Tyler Ludens wrote:I wish I had that superpower!
an obnoxious and annoying git
Joe Braxton wrote:I'm willing to give a little slack to health care workers (but only a little). What really gets me is when I go to purchase something (with cash), and they ask for my zip code or even my phone number. I know it's for "market research", so I am an unpaid guinea pig. The exchange usually goes like this: "your zip code?" ........"3"........(look of confusion)....."I'll just put in the store's"......."that's good"...
The Paperwork Reduction Act (PRA) of 1995 requires that agencies obtain Office of Management and Budget (OMB) approval before requesting most types of information from the public. "Information collections" include forms, interviews, and recordkeeping requirements, to name a few categories.
paul wheaton wrote:
I cannot imagine going in to the good food store to buy a banana and being asked for my name, address, phone number, date of birth, etc. But I cannot help but think that if we just roll with so many organizations doing this, it will just be a matter of time.
Stacy Witscher wrote:Are you referring to new client info for uninsured patients? Because if you are, I would think that they want your SS number so that they can either check your credit, or ding your credit if you don't pay.
Peter VanDerWal wrote:When asked for a phone number, my wife just pulls out her cell phone and gives them the phone number from one of the recent SPAMers that called her.
Stacy Witscher wrote:Around here, they swipe your driver's license/ID for certain cold medicines, the government tracks these purchases for meth manufacturing. Alcohol and tobacco usually just get a look.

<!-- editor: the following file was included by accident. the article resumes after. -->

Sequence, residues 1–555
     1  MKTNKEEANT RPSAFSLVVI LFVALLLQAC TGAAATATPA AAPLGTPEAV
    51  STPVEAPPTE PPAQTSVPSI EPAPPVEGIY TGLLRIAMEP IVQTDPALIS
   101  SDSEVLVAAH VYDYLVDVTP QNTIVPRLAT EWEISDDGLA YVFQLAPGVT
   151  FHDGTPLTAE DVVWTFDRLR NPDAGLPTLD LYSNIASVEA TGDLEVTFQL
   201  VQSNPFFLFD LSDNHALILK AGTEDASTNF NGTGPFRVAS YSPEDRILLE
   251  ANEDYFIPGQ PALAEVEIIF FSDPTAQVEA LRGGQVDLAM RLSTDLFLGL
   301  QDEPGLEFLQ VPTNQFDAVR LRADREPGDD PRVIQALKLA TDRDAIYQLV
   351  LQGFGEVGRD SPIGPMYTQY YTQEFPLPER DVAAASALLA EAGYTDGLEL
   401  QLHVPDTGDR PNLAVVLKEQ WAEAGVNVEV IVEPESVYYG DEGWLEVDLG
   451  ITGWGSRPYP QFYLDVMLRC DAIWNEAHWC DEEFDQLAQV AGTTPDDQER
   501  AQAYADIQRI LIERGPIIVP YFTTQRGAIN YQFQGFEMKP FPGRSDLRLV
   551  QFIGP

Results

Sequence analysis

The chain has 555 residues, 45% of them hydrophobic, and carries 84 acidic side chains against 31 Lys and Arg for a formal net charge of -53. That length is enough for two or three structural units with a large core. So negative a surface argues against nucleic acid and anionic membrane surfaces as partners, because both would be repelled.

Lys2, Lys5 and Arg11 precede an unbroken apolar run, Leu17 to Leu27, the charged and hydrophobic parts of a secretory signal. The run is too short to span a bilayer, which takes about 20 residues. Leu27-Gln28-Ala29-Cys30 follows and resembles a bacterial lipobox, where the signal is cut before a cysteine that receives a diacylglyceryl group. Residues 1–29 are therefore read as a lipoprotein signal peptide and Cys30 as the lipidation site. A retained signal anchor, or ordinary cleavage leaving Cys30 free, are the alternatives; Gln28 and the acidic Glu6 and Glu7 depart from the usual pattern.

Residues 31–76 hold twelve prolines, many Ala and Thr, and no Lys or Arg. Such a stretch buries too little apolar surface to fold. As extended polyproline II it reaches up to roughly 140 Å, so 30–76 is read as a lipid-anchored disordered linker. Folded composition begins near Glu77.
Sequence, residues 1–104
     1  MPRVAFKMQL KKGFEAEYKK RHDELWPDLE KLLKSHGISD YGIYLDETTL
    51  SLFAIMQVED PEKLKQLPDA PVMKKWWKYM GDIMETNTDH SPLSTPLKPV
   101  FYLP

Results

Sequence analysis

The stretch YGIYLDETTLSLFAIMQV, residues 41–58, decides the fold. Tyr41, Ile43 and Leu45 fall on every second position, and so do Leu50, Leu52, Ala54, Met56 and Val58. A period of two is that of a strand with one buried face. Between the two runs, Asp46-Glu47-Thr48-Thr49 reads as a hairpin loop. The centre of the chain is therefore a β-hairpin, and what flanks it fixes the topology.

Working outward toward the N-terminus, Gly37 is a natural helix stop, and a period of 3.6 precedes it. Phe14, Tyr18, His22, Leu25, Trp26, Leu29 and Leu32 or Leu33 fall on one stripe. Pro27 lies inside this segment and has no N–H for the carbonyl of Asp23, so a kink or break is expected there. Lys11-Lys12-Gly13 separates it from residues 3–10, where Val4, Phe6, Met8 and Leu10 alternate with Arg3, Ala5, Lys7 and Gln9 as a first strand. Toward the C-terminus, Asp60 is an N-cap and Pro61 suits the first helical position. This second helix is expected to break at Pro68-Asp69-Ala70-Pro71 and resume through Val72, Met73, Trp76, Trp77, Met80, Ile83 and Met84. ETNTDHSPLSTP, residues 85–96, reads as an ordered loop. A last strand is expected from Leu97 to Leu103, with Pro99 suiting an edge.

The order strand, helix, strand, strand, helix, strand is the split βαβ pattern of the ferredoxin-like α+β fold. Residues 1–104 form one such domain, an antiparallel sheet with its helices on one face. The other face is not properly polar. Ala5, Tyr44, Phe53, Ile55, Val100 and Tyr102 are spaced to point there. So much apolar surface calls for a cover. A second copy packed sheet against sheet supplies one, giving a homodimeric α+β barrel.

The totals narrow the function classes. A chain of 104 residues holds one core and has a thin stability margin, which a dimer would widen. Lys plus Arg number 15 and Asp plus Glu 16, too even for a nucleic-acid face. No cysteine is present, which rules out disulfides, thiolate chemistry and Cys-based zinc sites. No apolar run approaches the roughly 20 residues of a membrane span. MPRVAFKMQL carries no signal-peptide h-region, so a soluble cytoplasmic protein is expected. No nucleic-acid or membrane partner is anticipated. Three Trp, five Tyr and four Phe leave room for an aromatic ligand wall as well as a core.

Dan Boone wrote: I should point out that everybody in the grocery business (except Walmart) now has a "loyalty card" (you have to give all your demographic information to get one) and various incentives to swipe the card with every transaction. I don't shop at the places that tie all their discounts and loss leader pricing to use of the card. I do shop at places that require their cashiers to ask me for my loyalty card at every checkout. I say I don't have one (politely) and decline to get one when they ask if I want one (again, politely).
Travis Johnson wrote:A few years ago when you went to the hospital, they asked if you had firearms in the house. I always refused to answer, to which they would say, "we take that as a yes then", to which I would say, "You would be wrong, but it really is none of your business. We do have the second amendment right." They no longer ask that nonsense.
Nicole Alderman wrote: What do they do with these questionnaires we fill out?